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Army officers seek redress against alleged wrongful dismissal

By Chuks Nwanne   |   30 May 2017   |   3:38 am

Chief of Army Staff, Gen. T. Y. Buratai<br />


The decision by the Federal government to name the newly established Nigerian Army Shooting Range at the once dreaded Sambisa forest after the late Lt.-Col. Abu Ali is a worthy morale booster. Before his death, alongside six of his men during a gun battle with insurgents on November 4, 2016, the late Ali was the Commander of the 272 Special Forces Tanks Battalion.

Considered one of the heroes of the war against terror, Ali, alongside his colleagues, Sgt Muazu Ibrahim, Sgt Hussani Jafaru, Sgt Bassey Okon, Cpl Chukwu Simon, Able Seaman Patrick Paul, (Nigerian Navy) and Pte Salisu Lawal, was eventually buried at the National Military Cemetery, Abuja.

But within the army, there is bad blood brewing among its rank and file with a cry for justice. The Guardian gathered that some military officers are currently living in regrets and disappointment as a result of perceived injustices meted to them by the army hierarchy.

A typical case is that of 38 officers, who were dismissed last year by the army on “various disciplinary issues. In all, nine Major Generals, 10 Brigadier Generals, seven Colonels, 11 Lieutenant Colonels and one Major were summarily retired.

Reports have it that apart from involvement in the controversial $2.1 billion arms deal allegedly supervised by former National Security Adviser (NSA), Col. Sambo Dasuki (rtd), political partisanship, money laundering and corruption including purchase of choice houses abroad are among the transgressions that allegedly cost the officers their jobs.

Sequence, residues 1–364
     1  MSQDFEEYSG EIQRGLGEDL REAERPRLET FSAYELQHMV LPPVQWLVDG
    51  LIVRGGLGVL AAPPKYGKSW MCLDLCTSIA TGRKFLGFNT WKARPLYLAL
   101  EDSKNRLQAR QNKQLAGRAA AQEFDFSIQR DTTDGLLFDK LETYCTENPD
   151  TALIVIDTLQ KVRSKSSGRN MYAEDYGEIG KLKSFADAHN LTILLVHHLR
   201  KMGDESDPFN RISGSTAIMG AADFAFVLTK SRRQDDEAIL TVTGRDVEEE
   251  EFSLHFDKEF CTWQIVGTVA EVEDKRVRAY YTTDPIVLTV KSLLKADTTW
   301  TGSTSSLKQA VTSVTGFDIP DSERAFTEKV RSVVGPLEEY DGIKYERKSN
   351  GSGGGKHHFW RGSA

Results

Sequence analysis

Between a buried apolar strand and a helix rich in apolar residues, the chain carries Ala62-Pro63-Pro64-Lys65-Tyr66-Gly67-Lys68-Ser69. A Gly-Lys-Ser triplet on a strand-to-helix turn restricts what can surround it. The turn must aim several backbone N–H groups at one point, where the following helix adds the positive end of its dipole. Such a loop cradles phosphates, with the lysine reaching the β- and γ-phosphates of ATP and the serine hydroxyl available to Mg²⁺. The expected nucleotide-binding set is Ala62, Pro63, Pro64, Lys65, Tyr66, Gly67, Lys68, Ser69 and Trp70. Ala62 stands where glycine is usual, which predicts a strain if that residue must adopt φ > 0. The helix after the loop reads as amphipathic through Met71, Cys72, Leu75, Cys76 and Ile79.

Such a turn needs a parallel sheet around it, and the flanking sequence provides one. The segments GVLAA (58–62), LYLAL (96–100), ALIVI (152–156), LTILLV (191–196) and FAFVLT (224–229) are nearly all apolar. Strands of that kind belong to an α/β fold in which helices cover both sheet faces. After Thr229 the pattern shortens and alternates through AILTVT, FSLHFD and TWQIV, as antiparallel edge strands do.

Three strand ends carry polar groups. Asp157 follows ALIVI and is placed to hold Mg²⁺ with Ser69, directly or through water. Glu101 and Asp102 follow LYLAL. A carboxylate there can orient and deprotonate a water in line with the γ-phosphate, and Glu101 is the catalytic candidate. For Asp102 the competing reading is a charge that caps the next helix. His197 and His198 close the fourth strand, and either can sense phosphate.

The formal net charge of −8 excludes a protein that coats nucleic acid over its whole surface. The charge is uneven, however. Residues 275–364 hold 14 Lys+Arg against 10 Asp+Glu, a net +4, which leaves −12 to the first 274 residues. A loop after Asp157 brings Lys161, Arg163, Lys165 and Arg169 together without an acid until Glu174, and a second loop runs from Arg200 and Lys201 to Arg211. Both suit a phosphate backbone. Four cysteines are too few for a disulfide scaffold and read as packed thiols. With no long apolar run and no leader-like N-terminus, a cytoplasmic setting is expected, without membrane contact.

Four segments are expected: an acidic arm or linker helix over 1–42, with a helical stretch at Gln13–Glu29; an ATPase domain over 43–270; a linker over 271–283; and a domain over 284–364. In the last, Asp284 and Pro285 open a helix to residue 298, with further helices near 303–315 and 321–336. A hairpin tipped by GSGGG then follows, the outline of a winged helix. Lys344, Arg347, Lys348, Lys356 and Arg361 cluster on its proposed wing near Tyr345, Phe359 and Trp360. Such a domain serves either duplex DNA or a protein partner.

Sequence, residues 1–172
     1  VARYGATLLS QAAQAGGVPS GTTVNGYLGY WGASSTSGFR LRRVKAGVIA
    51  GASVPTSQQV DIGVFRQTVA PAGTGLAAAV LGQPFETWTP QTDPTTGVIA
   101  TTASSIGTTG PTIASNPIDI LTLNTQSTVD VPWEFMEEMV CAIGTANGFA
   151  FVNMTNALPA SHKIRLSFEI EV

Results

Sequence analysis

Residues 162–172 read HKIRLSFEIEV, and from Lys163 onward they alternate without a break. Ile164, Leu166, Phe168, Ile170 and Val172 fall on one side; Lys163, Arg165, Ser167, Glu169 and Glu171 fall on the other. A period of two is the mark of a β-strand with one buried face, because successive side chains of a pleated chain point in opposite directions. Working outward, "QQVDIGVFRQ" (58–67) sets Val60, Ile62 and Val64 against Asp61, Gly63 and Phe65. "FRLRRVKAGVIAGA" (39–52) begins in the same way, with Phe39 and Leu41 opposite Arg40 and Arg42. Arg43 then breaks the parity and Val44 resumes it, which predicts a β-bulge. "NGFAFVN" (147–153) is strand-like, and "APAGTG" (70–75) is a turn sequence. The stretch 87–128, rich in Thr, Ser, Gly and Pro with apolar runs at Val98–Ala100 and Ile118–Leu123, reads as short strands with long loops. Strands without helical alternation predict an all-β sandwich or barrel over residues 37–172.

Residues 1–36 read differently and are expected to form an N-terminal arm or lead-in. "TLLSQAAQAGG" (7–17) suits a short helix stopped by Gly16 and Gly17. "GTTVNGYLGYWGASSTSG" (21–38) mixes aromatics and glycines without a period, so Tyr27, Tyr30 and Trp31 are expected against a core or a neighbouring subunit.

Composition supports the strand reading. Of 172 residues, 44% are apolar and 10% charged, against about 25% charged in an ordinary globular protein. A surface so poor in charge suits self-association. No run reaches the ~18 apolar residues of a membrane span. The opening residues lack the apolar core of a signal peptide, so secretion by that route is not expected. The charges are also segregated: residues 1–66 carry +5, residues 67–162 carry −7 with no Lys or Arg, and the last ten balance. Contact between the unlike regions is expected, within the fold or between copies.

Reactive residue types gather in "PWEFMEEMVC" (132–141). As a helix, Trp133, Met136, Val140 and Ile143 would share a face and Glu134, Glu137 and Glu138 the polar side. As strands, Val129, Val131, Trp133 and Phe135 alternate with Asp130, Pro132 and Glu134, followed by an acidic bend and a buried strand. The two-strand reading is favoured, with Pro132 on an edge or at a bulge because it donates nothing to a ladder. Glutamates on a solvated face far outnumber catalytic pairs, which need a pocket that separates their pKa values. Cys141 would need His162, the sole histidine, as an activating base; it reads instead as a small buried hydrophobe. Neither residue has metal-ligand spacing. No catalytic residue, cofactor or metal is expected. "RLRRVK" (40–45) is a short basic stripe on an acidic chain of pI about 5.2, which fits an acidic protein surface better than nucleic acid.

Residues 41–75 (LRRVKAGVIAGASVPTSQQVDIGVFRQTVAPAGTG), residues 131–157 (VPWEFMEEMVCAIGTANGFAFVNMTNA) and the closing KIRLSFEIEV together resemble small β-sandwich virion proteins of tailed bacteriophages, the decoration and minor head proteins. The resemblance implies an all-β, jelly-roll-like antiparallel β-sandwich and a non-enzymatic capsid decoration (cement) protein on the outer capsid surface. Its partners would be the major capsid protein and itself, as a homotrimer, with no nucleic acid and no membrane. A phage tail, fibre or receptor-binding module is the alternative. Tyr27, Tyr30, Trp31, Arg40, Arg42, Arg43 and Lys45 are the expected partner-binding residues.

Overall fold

In a statement issued by the Acting Director of Army Public Relations, Colonel Sani Kukasheka Usman, he said: “That only 38 senior officers were affected by the retirement exercise. We are quite aware that some mischievous elements are trying to whip up sentiments. This is quite unfortunate because all the affected officers were retired based on ‘service exigencies’ and in line with the Armed Forces Act, CAP A20 Laws of the Federation of Nigeria 2004.”

But some of the affected officers, who spoke in confidence, denied the allegations. They claimed they were neither invited nor made to face any board of inquiry (BoI) over the alleged offences. They alleged that their sudden exit from service was a form of ethnic cleansing to weed out officers believed to have been close to the former administration. They further argued that, even if there were allegations against them, they were not given the opportunity to defend themselves.

The affected officers included Major-Generals F. O. Alli, Atewe, I. N. Ijoma, L. C. Ilo, TC Ude, Letam Wiwa, SD Aliyu, M.Y Ibrahim, LC Ilo and O. Ejemai. Others were Brigadier-Generals D. M. Onoyeveta, A. S. O. Mormoni Bashir, A.S.H Sa’ad, A. I. Onibasa, D. Abdusalam, L.M. Bello, KA Essien, B. A. Fiboinumama and I. M. Lawson.

Also affected were Cols. I. O. Ahhachi, P. E. Ekpeyong, T. T. Minimah, O. U. Nwonkwo, and F. D. Kayode, Lt-Cols C. O. Amadi, K. O. Adimogha, T. E. Arigbe, O. A. Baba Ochankpa, D. B. Dazang, O. C. Egemole, Enemchukwu, A. Mohammed, A. S. Mohammed, G. C. Nyekwu, T. O. Oladintoye, C. K. Ukoha and Major A. T. Williams.

In protest, the affected officers had appealed to President Muhammadu Buhari, through the Chief of Defense Staff General AG Olonisakin, against their wrongful retirement from the Nigerian Army, seeking for redress.


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Abu Ali


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